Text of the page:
In Wes Anderson’s Moonrise Kingdom, runaway kids Sam and Suzy stumble across the corpse of a dog with an arrow in it. Suzy asks, “Was he a good dog?” Sam replies, philosophically, “Who can say?”
This New Yorker cartoon caption was a highlight of that movie—heartlessly debonair and tonic among the swoonier parts. But in Anderson’s crafty yet off-putting Isle of Dogs, this kind of coolness is a tonal mistake.
In the film, a dog flu plagues 2038 Japan. Kobayashi, the ominous mayor-for-life of Megashima, takes action before the disease jumps to humans. All dogs are sent to a quarantined island. Kobayashi’s ward and “distant nephew,” Atari (Koyu Rankin), flies in a makeshift airplane to rescue his exiled pet Spots, (voiced by Liev Schrieber). It crashes and Atari is marooned. Meanwhile, a pack of bad-off mutts surviving on garbage are catalyzed into action by Chief (Bryan Cranston), a stray dog for life, whose motto is “I bite.”
Anderson’s animators work small, trying to capture a nation where people tend to swallow their emotions. But in a culture where the minimal is so important, Anderson crowds in his usual bric-a-brac—whether it’s the step-by-step sushi preparation or the flashcard-like listing of story elements.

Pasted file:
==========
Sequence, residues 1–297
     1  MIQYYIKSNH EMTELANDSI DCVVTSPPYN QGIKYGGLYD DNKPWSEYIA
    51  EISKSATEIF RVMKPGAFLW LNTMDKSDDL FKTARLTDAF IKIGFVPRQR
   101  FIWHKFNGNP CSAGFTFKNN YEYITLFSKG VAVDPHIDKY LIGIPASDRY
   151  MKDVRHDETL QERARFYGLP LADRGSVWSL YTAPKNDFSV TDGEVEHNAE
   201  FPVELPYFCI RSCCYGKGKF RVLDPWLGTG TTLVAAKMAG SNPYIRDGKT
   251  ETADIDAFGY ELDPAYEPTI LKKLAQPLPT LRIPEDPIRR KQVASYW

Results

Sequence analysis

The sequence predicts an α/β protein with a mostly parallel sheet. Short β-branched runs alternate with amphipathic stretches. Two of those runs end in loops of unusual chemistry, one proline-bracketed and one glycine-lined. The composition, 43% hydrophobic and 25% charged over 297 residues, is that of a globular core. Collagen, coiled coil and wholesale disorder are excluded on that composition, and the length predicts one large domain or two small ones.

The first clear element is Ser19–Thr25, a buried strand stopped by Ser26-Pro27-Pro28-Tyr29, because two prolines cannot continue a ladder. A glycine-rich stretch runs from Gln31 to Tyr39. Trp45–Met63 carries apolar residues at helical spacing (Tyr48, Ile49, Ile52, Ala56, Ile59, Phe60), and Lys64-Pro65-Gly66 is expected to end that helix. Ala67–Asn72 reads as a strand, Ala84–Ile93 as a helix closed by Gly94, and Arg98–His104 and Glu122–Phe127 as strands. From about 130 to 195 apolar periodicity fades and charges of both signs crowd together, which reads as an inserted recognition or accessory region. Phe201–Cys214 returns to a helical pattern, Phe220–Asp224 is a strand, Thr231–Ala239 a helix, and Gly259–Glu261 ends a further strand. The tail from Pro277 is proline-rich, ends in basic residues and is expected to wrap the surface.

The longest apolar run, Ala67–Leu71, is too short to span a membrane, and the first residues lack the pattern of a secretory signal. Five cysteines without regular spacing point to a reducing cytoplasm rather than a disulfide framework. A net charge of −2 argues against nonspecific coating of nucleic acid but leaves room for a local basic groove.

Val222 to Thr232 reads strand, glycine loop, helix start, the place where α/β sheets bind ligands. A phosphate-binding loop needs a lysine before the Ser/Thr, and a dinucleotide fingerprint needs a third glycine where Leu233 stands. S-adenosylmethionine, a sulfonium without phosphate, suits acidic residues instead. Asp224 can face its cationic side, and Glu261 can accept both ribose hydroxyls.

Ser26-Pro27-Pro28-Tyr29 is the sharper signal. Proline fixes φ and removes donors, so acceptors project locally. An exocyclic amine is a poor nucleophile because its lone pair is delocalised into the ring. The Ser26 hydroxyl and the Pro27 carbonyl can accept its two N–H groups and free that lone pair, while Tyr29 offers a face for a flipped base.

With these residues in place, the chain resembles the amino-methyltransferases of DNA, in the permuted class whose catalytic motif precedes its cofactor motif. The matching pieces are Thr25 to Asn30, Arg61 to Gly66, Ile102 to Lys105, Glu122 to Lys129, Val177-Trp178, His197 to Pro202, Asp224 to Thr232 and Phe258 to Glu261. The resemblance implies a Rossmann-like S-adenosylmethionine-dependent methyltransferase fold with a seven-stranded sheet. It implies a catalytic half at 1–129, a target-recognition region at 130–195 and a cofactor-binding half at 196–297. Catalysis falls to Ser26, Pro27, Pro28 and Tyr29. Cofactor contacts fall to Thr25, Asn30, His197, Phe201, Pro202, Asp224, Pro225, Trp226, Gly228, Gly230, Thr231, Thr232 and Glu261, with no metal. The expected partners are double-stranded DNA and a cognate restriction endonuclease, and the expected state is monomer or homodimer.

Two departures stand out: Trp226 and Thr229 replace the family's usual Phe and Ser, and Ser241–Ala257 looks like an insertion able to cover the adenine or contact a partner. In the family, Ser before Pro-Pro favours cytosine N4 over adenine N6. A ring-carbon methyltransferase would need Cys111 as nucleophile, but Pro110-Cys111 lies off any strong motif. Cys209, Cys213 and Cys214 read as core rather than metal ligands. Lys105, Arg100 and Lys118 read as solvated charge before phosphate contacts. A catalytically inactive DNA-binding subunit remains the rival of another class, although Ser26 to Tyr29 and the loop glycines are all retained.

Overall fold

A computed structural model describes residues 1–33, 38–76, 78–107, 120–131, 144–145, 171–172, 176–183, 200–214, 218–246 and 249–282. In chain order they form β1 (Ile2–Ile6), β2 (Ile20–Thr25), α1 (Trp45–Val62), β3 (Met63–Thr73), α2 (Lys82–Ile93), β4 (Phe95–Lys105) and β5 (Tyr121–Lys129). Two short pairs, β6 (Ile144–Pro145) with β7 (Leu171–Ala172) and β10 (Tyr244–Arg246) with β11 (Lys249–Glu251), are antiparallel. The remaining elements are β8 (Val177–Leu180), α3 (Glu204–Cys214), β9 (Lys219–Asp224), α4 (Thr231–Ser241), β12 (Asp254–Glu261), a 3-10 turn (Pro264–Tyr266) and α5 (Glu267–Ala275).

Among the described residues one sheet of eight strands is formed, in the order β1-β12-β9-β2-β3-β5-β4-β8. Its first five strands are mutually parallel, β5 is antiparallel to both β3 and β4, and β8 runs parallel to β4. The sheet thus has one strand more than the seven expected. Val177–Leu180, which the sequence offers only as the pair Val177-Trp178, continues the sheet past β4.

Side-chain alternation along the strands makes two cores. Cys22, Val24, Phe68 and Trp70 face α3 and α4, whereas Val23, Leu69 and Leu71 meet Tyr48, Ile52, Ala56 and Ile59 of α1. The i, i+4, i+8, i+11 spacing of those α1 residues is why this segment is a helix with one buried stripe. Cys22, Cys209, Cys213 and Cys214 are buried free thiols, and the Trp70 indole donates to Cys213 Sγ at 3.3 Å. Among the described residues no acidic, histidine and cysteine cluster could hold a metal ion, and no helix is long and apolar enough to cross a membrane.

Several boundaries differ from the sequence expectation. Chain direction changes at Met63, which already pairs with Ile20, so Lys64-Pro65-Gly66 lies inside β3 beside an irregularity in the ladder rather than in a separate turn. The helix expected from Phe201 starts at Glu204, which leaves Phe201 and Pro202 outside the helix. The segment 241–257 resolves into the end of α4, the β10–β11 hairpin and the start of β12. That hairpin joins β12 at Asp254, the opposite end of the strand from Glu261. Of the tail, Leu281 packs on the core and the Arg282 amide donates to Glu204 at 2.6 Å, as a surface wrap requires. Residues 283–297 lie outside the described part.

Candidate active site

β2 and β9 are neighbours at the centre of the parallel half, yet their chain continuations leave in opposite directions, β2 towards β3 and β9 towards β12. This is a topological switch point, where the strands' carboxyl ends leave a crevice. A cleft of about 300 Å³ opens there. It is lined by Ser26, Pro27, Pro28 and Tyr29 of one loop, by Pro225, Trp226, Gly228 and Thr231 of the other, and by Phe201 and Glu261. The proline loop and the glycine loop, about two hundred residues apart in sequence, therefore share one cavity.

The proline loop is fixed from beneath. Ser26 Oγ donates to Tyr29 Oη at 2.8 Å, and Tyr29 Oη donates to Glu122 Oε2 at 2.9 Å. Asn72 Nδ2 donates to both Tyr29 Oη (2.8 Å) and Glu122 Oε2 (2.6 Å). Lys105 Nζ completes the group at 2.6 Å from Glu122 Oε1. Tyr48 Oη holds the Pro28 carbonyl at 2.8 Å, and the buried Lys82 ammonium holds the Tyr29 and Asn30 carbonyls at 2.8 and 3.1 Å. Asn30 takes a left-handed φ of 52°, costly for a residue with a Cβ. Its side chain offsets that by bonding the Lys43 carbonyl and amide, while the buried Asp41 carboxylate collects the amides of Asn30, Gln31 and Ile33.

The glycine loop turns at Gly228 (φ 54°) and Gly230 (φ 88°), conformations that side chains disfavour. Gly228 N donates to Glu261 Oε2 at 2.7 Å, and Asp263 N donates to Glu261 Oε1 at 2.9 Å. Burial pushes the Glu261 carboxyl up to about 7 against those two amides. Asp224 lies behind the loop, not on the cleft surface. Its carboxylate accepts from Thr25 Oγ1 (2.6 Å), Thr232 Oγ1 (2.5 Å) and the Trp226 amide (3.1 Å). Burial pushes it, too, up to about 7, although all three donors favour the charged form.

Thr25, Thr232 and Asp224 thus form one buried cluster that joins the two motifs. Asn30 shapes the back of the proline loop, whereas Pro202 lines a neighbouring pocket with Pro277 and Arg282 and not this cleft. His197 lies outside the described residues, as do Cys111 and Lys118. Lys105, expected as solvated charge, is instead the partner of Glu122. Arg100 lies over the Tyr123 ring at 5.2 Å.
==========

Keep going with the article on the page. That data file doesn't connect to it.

Anderson, trying to keep Isle of Dogs from getting mired in overdone emotions, errs too far in the opposite direction. The result is something that doesn’t really arouse feelings, no matter how many animated dogs stare us down, sometimes with tears in their eyes.
The borrowings from The Lady and the Tramp work, as when the show dog Nutmeg (Scarlett Johansson) tells Chief she’s uncertain about finding a mate: “I wouldn’t want to bring puppies into this world.” Anderson channels the old classic cartoons, staging dogfights that are giant clouds of dust with limbs emerging from it. But he seems torn between honoring what the Japanese call “beauty in sadness”—mono no aware—and parodying it.